destination-hero

Firenze, famously dubbed the “city of stone” by writer Mary McCarthy, regards itself as a living museum. And considering that it has counted among its residents the likes of Michelangelo, Raphael, Dante, Donatello, Brunelleschi and the entire Medici clan, it certainly has the cultural cachet—and monumental works of art—to substantiate that claim. Visitors still sense something in Florence that Johann Wolfgang von Goethe noted more than two centuries ago: “In the city we see the proof of the prosperity of the generations that built it,” he wrote after a trip in 1786. “The conviction is at once forced upon us that they must have enjoyed a long succession of wise rulers.”

Cheat Sheet

  • Sleep…just steps from the Ponte Vecchio in the Ferragamo-owned Portrait Firenze
  • Experience…an afternoon class at the fabulous Desinare Cooking School
  • Splurge…on one of the signature suites at the Four Seasons
  • Eat…at Trattoria Sostanza, a classic Florentine lunch spot beloved by local Florentine families
  • Drink…the city’s best cappuccino at Caffé Giacosa
  • Savor…the spectacular nine-course tasting menu at Enoteca Pinchiorri
  • VisitGrevi, a fourth-generation, family-run hat maker in the historic center
  • SeeOltrarno, the neighborhood known for its artisan studios, and stop into Basilica Santa Croce, which houses the city’s Scuola del Cuoio
  • Shop…at Elio Ferraro for vintage fashion, furniture and objet
  • Know…that as an Indagare member you can contact our Bookings Team for customized recommendations, expert guides and itineraries

Newly Added:

Lungarno BistrotBottega di Corte, Ricardo Barthel, Todo Modo, Il Locale, La Ménagère, La Bottega del Buon Caffe, Borgo San Jacopo, Buca Lapi

Lay of the Land

“It was pleasant to wake up in Florence…to lean out into sunshine with beautiful hills and trees and marble churches opposite, and close below, the Arno, gurgling against the embankment of the road.”
~E.M. Forster

For such a small city—about 40 square miles—Florence certainly packs a punch. The Tuscan capital, once home to creative and academic greats like Sandro Botticelli and Leonardo da Vinci, is commonly regarded as a living museum, as stunning as it is significant. The medieval center of European trade and the birthplace of the Italian Renaissance, Florence is both an extraordinarily wealthy city and a cultural focal point.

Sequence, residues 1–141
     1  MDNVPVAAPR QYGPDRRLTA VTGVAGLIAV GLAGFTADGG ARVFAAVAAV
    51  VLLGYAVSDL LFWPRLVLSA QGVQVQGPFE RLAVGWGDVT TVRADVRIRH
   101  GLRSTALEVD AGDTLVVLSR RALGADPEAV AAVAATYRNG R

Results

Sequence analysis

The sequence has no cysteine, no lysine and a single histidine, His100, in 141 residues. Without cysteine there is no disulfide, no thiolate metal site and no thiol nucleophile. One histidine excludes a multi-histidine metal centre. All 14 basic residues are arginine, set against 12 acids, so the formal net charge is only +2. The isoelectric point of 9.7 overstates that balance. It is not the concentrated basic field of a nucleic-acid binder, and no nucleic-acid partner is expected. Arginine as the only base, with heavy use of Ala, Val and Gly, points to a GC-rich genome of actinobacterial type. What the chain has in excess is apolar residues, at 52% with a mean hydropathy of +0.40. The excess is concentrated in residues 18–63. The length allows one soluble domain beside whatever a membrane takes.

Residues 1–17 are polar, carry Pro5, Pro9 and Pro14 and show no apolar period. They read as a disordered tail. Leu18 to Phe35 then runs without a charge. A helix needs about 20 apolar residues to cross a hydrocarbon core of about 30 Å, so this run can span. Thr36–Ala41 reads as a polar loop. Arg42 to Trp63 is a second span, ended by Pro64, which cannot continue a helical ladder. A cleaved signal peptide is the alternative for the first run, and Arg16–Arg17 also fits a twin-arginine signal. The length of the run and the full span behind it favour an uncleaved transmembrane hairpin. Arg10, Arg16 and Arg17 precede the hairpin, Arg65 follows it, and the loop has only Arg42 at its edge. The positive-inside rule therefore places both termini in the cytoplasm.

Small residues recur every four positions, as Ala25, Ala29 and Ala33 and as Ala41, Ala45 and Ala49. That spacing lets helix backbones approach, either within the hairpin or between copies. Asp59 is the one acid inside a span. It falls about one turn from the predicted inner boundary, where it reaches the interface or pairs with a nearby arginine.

The old city is cut in two by the Arno River: the lively waterway was a source of trade and prosperity, as well as an unpredictable threat, responsible for a number of destructive floods. Four quarters divide the city: Santa Maria Novella, San Giovanni, Santa Croce and Santo Spirito. The city is further broken up into five wards, which follow the borders of the quarters for the most part, but revolve around the centro storico, the Historic Center, which is bounded by medieval walls built in the 14th century. All neighborhoods across the river are considered Oltrarno.

Indagare Tip: A note about Florence’s addresses: since Italy’s unification in the mid-19th-century, the city has had two numbering systems; because of a surge in businesses, it came up with a way to distinguish between commercial and residential addresses by adding a red letter (R for rosso) to the former and a black letter (N for nero) to the latter. This means that a street number doesn’t immediately indicate how far apart places are from each other. To add to the confusion, some businesses that have moved into former residential spaces don’t have the expected R on the number. Luckily, many of Florence’s streets are relatively short, especially those with the shops, so if you miss your destination, just backtrack, and if all else fails, duck into a caffè, have a machiatto, and ask a local for assistance.

Staff Quotable: “After only a few hours of exploring, Florence takes on a familiar, comfortable feel. But the best part is that no matter how many times you visit, the quaint city always has one more layer to peel back or puzzle to solve. My favorite way to begin a trip is with a hike to Palazzo Michelangelo at sunset. From this vantage point, you’ll have stunning views of the bridges, Duomo and city streets all wrapped in a sherbet bow.” ~Missy Weil, Travel Specialist

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